Hindus are urging Netflix to stay true to the story and the spirit of Hindu scripture Ramayana when borrowing storyline and characters from it in its reportedly upcoming animated series “Heaven’s Forest”.
Distinguished Hindu statesman Rajan Zed, in a statement in Nevada today, said that Ramayana was a highly revered scripture of Hinduism. Hindus were fine with Hollywood and Bollywood making movies about Ramayana, but the final product should be the true depiction of it and not a fantasized or a re-imagined version.
Zed, who is President of Universal Society of Hinduism, pointed out that re-imagining of Hindu scriptures could be hurtful to the devotees. Hindus welcomed Hollywood/Bollywood to immerse in Hinduism, but taking it seriously and respectfully and not for refashioning Hinduism concepts and symbols for mercantile greed.
Rajan Zed further said that changing Ramayana to fit the Hollywood/Bollywood machine was likely to be distressful to the Hindu sentiments. Ramayana was an integral part of Hinduism and was held in such reverence that Hindus believed that simply reading/hearing of it showered blessings upon the reader/listener. Rama, the hero of Ramayana, was incarnation of Lord Vishnu, and was worshipped by Hindus.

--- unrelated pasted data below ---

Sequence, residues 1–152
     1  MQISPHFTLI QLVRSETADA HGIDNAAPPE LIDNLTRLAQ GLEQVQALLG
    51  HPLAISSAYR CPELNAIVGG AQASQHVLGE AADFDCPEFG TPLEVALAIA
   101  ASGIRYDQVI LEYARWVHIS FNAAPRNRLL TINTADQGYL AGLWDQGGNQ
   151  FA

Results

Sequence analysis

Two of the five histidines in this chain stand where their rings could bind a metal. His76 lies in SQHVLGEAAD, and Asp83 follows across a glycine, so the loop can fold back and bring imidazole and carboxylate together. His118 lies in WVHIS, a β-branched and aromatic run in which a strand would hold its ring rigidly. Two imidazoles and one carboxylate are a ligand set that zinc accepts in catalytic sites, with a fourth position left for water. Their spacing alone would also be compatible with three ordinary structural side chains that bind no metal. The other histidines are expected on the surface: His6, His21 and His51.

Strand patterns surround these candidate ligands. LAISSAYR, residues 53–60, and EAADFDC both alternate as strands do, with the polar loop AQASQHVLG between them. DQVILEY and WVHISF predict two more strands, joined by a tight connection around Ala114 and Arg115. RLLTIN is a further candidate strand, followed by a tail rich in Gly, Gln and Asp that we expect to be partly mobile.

Hinduism was the oldest and third largest religion of the world with about 1.1 billion adherents and a rich philosophical thought and it should not be taken frivolously. Symbols of any faith, larger or smaller, should not be mishandled, Zed indicated.
Ramayana, an ancient Sanskrit scripture that consists of 24,000 stanzas, explores various themes; including human existence, concept of dharma, etc.
Netflix, claimed to be “world's leading streaming entertainment service”, has reportedly ordered eight episodes of “Heaven’s Forest”, a Ramayana-inspired epic animated action drama series from Castlevania creator British comic-book writer Warren Ellis and Powerhouse Animation Studios. Launched in 1997 and headquartered in Los Gatos, California; Netflix claims to have “158 million paid memberships in over 190 countries”. Reed Hastings is CEO.